by Pastor Bob Myers
I’m just finishing up a retreat for solitude and prayer and some prayerful planning for the new ministry season. This is only my third year doing this. How I wish I had understood how essential regular solitude and prayer are for ministry as so much has come out of these times that has steadied my pace, reaffirmed a direction that might be hard, and just learn the pleasure of being with Jesus.
If Jesus needed solitude, and started his ministry with forty days of fasting and prayer, I’m sure I can use at least a few!
So the prayer time starts before the key is in the ignition. He rides shotgun the whole trip, and I’m pretty sure he prefers the Jeep top down. I let him decide what to listen to. He seems fond of the Bible Experience and Daily Audio Bible.
This year the campsite we pitch our tents at endured a record 20 inches of rain in July, not only reshaping the landscape with lots of standing water, but creating a mosquito population boon, followed by a more delightful frog population, fat frogs feasting on mosquitos, followed by a less delightful snake population mainly evidenced by dead snakes as roadkill, but a snake did cause me to move camp. But Jesus didn’t mind at all, and I didn’t mind much.
I spent much time in Isaiah, Deuteronomy, and Luke, and then extended times praying, meditating, reflecting. Someone advised me to write down the questions I had for the Lord, which proved to be a great exercise in all facets of my life.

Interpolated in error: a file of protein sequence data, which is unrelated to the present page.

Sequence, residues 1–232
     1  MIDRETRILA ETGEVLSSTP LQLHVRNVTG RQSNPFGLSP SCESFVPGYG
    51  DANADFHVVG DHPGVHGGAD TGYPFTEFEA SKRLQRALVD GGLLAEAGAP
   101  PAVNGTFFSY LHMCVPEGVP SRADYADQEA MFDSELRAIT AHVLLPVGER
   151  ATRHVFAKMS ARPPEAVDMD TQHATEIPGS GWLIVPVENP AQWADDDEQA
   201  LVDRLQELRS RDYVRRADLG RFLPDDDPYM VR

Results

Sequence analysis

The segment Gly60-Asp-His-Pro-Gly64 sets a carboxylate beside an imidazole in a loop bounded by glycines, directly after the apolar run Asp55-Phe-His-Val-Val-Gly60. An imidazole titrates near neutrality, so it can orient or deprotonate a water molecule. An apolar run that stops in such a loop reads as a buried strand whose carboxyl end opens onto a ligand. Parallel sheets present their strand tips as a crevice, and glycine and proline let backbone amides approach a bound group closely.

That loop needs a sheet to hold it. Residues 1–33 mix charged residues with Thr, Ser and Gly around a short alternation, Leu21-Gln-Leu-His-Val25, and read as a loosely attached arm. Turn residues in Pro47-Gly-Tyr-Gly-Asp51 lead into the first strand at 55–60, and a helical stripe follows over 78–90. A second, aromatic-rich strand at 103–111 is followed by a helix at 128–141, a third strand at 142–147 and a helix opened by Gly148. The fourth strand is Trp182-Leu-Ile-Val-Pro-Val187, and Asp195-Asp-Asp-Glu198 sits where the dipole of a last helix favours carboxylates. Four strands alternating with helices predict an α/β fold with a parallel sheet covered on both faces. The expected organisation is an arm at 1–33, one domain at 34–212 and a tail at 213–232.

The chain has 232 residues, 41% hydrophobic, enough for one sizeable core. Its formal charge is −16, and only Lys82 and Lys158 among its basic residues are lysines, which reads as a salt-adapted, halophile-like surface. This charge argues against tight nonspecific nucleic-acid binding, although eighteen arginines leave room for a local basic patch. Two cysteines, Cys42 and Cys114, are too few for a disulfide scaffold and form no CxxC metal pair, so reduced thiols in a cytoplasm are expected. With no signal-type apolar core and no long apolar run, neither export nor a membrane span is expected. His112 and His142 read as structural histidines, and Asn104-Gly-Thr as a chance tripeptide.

All I will say is that Jesus is THE wonderful counselor, and His ability to answer or not answer our questions while questioning them in grace is a gift from spending time with Him.
One of my questions for Him is, what do you think of the questions I’m asking? What do you want most to say to me? What do you wish I’d be more curious about? More assertive about? Where should I pull back and let go? What’s healthy in me and what’s unhealthy? The ending of Psalm 139 which Rob Chifokoyo preached on models some really good questioning of the Lord in prayer.
God desires intimacy with us. I believe we’ve often confused depth with knowledge. But to go deep with God is intimacy. We think some of the wordy songs we sing are the most deep. But I think the deepest songs are the ones that often make us uncomfortable with their focus on simplicity and intimacy, driving us deep into Biblical experience and realities the Bible speaks of in what I call the experiential psalms. Intimacy often makes us uncomfortable, and we’re liable to change the subject when the door opens.
The deep things of God are spoken of as that which God’s Spirit has revealed to us so that we have the mind of Christ.
Our Lord Jesus won’t push Himself upon us. He’s available, and wants to reveal His mind to us as He ministers health to ours. But He won’t press into already crammed lives and thoughts that are already filled. We have to seek, Knock, and ASK.